Now, I haven’t read the law, but I’ve read some of it and looked over some criticisms. Now, IANAL, but based on what I read, including your excerpt, speech must include a “threat of force” to be criminal. Do you think that a “threat of force” should be protected speech? Or do you think that the law criminalizes non-threatening speech? I don’t quite understand your concern.

    Tom, urbanus or Mr. X,

    Could someone give me a link to the florist case? I’d like to join that conversation, but I don’t want to just guess what it is about. Thanks, Mr. X for brining this specific example into the discussion.

    Tom,

    I would still love to hear a specific example from you. I understand why you may not wish to go into specifics about your friend’s case, but without specifics no useful discussion can happen. Have you got anything else? Perhaps an actual University Speech Code example.

  58. Tom Gilson says:

    Plenty of speech codes at http://thefire.org/

    The friend I was speaking of is Frank Turek. See http://www.thinkingchristian.net/posts/2011/06/hatred-leading-to-a-firing/ and http://www.thinkingchristian.net/posts/2011/06/what-do-diversity-and-inclusion-mean-at-cisco-systems/. Sorry I didn’t list this sooner, I’m not in the best working environment right now.

  59. bigbird says:

    Do you think that a “threat of force” should be protected speech? Or do you think that the law criminalizes non-threatening speech? I don’t quite understand your concern.

    I think that we need to be extremely careful when we put limits on free speech.

    Look at Watts v. United States, where the courts ruled (on appeal) there was a difference between true threats and hyperbole. One person’s hyperbole might be another person’s threat. Someone may not intend a threat, but another person take it that way.

    Furthermore, I think we need to careful when we think we need laws like this that name specific groups as the targets of the supposed crime. If we think threats of force should be illegal, shouldn’t this law protect everyone rather than certain groups?

  60. Gavin says:

    Tom,

    I asked, incredulously, for examples of speech being limited. You replied,

    I have a friend who lost a job contract because of this — even though it was off-the-job speech that caused the supposed offense.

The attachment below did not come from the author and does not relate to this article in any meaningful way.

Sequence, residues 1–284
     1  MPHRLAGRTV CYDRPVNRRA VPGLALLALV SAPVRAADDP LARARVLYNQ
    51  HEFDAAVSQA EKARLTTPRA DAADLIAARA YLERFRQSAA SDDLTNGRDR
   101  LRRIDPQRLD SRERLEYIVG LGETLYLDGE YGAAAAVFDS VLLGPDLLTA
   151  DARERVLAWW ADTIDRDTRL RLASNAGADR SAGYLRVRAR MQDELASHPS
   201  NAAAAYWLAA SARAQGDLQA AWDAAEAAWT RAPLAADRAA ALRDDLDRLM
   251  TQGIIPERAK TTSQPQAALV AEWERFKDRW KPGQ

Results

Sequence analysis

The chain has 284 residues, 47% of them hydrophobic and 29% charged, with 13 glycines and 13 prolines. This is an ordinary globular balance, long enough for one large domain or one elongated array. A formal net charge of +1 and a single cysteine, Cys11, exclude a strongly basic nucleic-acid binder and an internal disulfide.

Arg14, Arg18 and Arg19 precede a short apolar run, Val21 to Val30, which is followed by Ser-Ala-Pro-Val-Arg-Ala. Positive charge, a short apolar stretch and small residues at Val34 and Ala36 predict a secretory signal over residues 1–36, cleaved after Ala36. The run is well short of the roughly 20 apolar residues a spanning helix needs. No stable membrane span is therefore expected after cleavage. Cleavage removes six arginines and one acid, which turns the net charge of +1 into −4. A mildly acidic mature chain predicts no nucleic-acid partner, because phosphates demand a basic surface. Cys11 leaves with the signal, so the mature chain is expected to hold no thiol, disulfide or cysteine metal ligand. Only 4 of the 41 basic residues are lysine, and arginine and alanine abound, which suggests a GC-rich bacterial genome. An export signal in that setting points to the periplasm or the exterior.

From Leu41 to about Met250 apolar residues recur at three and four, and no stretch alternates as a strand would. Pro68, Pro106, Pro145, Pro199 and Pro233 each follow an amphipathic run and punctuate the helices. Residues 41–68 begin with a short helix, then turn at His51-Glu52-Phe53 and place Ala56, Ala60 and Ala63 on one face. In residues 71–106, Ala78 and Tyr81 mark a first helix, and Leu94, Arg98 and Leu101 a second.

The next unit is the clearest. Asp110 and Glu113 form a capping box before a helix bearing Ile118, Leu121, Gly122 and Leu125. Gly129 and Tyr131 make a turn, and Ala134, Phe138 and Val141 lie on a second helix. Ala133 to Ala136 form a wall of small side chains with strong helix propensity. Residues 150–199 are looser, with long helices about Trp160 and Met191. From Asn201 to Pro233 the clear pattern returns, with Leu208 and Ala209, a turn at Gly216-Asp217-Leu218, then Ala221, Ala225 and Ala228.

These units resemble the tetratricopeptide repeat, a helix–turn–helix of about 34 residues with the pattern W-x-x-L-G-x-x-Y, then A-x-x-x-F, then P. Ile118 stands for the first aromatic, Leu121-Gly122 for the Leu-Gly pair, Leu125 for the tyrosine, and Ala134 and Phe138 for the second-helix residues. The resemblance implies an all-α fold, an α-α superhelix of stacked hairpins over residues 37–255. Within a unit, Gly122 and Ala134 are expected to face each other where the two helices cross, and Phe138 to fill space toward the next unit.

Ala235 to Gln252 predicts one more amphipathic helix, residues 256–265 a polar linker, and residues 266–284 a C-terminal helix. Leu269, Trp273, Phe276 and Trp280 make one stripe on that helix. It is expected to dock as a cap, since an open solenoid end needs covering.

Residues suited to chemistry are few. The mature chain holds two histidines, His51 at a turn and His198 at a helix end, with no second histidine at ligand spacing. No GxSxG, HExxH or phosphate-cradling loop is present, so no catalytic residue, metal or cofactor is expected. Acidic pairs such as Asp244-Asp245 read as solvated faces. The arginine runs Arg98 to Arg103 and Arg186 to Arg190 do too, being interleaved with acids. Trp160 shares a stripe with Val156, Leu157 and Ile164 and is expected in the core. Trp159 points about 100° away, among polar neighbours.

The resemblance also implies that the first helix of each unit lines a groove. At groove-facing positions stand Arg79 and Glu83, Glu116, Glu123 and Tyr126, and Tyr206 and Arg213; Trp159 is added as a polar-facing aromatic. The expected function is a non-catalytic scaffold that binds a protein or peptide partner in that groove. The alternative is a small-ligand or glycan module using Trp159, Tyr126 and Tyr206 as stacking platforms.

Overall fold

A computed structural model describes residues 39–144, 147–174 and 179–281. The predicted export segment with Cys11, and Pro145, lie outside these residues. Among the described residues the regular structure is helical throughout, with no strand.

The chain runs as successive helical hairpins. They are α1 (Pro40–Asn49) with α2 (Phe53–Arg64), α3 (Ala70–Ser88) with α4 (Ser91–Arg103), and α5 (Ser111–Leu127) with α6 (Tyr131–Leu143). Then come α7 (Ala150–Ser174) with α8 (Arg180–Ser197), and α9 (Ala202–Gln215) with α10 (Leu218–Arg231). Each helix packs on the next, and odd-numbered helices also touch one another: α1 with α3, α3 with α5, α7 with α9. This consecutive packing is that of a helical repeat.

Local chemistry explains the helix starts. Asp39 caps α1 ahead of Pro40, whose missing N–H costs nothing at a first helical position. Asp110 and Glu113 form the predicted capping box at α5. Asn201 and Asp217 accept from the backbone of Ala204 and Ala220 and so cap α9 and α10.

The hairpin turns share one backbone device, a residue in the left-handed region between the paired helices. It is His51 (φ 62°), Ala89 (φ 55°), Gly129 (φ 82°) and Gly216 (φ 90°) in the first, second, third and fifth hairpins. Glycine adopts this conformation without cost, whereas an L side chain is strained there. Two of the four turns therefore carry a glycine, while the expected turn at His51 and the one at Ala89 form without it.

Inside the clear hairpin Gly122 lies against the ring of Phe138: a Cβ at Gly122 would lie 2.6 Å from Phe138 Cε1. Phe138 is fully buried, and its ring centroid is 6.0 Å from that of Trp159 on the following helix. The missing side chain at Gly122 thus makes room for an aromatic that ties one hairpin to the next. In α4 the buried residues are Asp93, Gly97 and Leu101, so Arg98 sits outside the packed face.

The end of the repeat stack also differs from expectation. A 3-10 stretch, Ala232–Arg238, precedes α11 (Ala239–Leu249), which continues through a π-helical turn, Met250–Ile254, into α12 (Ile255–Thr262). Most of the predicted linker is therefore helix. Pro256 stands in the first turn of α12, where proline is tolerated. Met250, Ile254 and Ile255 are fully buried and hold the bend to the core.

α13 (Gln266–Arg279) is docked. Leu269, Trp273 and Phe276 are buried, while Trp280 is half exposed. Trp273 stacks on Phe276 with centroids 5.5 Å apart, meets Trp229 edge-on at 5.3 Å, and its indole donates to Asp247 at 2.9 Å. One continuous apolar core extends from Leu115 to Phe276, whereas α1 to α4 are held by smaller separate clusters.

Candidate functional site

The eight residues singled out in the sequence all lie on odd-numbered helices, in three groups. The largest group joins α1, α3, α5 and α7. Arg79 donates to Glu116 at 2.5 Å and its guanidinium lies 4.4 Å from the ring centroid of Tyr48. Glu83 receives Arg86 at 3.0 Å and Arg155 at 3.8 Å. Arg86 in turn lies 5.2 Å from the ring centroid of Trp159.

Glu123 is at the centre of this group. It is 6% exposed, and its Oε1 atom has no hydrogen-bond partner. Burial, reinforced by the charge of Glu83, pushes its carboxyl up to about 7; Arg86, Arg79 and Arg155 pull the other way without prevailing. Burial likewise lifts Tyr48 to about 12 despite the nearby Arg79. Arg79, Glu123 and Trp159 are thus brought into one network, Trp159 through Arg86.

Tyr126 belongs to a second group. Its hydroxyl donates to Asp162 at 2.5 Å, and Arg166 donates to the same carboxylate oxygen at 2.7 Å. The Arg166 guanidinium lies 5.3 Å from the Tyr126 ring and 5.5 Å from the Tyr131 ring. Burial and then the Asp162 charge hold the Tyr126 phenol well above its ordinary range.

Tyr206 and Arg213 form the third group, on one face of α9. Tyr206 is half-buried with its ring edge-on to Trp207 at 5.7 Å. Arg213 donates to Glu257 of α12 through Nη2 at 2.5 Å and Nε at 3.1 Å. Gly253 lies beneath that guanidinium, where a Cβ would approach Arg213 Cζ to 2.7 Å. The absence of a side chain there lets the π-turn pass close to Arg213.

His job performance was in no way affected by his religious beliefs, but he was fired for them.

    That friend, your example of person who’s speech is being limited, is Frank Turek. Frank Turek isn’t just some guy with a “Jesus Saves” bumper sticker. From the website of his non-profit ministry, “CrossExamined.org”:

    Dr. Frank Turek is a dynamic speaker and award-winning author or coauthor of three books: I Don’t Have Enough Faith to be an Atheist, Correct, Not Politically Correct and Legislating Morality. As the President of CrossExamined.org, Frank impacts young and old alike at colleges, high schools and churches with hard yet entertaining evidence for Christianity. He hosts a hour long TV program each week called I Don’t Have Enough Faith to Be an Atheist that is broadcast Wednesday nights at 9pm and 1am Eastern on DirecTV Channel 378 (the NRB Network). His radio program called CrossExamined with Frank Turek airs on 144 stations every Saturday morning at 10 a.m. eastern. Frank also writes a column for Townhall.com and has appeared on many TV and radio programs including: The O’Reilly Factor, Hannity and Colmes, Faith under Fire, Politically Incorrect, The Bible Answerman, and Focus on the Family. He has debated atheist Christopher Hitchens twice….

    To help reverse the exodus of young people from the Christian faith, Frank conducts dynamic I Don’t Have Enough Faith to be an Atheist outreach events on campus. At these events, Frank presents the evidence for Christianity, cross-examines arguments against it, and answers student questions.

    Frank takes strong positions against atheism, abortion, same-sex marriage and euthanasia. His books are available not only at CrossExamined.org and at religious book stores, but also at most major book sellers and even at my public library.

    If I wanted to show the world what completely unfettered free speech looks like, I could hardly hope to find a better example than Frank Turek.